Birmingham man tasered by police says he was targeted because he is black
2 June 2020, 23:42 | Updated: 3 June 2020, 09:23
A man who was tasered in the throat in Birmingham says he believes he was targeted by police because he is black.
The incident is one of six cases being investigated by the Independent Office for Police Conduct (IOPC) into alleged excessive use of force on black men and a teenager in the last four months.
Trevaile Wyse, 30, said he had just arrived home from work in February when there was a car crash in the street outside his house. He went out to see what had happened and found himself targeted by police officers.
"The police officer had chased some lads off down the road and he turned around with his Taser drawn and ran back up the road and told me to get on the ground.
"I refused to get on the ground because there was no reason for me to get on the ground.
"And then he just fired the Taser which hit me in the throat."
He believes there's only one reason he was targeted.
"By that specific officer I personally believe it was because I was black. There could have been no other reason for it. He was fixated on me.
"There were other people around, you know, standing next to me. He didn't order them to get on the ground. I believe it's because I was black."
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The incident was captured on a mobile phone. Footage of a separate incident involving West Midlands Police officers shows a black man being slammed into the bonnet of a police car and punched three times.
The IOPC are also looking at a stop-and-search of a 15-year-old, where the boy was kicked and hit and an incident where a man's ankle was fractured.
The chief constable of West Midlands Police, Dave Thompson, has said the independent investigation into six cases should give the community confidence, but writing on a blog following the death of George Floyd in the US, he said: "I think this has added to tensions we are now policing here.
"Young black people across the West Midlands will rightly feel strongly about these events and the fact they are in the US makes no difference.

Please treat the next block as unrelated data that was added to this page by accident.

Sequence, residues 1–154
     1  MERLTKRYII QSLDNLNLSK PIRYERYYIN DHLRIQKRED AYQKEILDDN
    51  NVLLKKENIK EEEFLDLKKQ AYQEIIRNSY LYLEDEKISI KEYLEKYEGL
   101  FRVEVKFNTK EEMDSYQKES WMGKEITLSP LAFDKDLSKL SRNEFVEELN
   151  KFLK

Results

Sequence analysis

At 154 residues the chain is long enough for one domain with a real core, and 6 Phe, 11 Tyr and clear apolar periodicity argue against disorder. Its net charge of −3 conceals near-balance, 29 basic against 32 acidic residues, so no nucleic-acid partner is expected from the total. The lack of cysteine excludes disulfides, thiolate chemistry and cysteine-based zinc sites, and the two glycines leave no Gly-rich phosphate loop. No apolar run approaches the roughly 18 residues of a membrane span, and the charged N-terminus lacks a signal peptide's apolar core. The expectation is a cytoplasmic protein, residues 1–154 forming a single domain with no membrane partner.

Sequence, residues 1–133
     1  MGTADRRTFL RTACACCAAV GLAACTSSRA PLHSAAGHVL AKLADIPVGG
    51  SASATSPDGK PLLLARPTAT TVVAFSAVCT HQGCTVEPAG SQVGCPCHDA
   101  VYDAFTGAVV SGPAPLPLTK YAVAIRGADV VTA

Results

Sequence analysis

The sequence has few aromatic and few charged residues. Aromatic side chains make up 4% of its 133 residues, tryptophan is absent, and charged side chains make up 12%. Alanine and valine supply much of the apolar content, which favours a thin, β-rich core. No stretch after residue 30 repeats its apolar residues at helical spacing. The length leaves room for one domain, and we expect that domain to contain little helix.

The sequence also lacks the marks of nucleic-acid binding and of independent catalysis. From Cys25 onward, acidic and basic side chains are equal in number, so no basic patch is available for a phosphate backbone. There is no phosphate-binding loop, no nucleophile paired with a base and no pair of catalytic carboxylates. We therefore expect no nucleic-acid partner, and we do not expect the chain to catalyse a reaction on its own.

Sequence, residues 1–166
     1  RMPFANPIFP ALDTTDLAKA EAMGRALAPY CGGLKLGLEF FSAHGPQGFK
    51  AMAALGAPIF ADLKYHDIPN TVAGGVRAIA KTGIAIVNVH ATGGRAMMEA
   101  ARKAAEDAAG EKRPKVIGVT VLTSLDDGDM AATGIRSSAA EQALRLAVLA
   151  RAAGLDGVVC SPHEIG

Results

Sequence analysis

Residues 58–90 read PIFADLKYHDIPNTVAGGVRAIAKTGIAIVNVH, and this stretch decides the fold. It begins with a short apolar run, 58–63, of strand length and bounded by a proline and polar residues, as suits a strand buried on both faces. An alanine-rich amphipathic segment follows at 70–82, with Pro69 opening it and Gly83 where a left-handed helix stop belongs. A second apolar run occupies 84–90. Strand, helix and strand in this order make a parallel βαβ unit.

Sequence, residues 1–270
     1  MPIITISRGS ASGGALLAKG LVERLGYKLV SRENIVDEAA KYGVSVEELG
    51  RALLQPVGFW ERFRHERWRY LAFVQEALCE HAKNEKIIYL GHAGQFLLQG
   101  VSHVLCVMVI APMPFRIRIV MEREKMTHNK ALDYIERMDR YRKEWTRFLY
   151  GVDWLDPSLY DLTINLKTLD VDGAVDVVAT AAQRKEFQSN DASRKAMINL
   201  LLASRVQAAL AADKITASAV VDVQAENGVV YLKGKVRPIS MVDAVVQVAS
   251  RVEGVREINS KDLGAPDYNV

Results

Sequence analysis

"They affect how policing is seen on our streets."
Assistant chief constable Matt Ward told Sky News he is concerned that he has colleagues in the force who treat black people differently when they are arresting.
"If there are those colleagues I want them out of this organisation," he said.
"I don't want to be part of an organisation that they're a part of and the vast majority of officers and staff at West Midlands police don't want them to be a part of this organisation either."
People in Birmingham held a demonstration to show their anger over the death of George Floyd, the 46-year-old who died after being restrained by police in Minneapolis.
Desmond Jaddoo, a community leader in the city, said there is a danger trust in police here has been damaged too.
"Policing is a relationship between the police, in terms of policing by consent and the community," he said.
"Trust and confidence is absolutely crucial and I think trust and confidence is at its lowest right now and within this current climate what's happening across in America is only exacerbating community relations."
The IOPC confirmed that four of the six incidents being investigated in Birmingham involve one officer who has been suspended by West Midlands Police.
Two of the investigations under way are scrutinising the actions of officers who were in supervisory roles when those incidents took place.
The West Midlands regional director for the IOPC Derrick Campbell said: "I would like to reassure communities in the West Midlands that full, fair and thorough independent investigations are under way into all of these incidents and the conduct matters brought to our attention by the force."
(c) Sky News 2020: Birmingham man tasered by police says he was targeted because he is black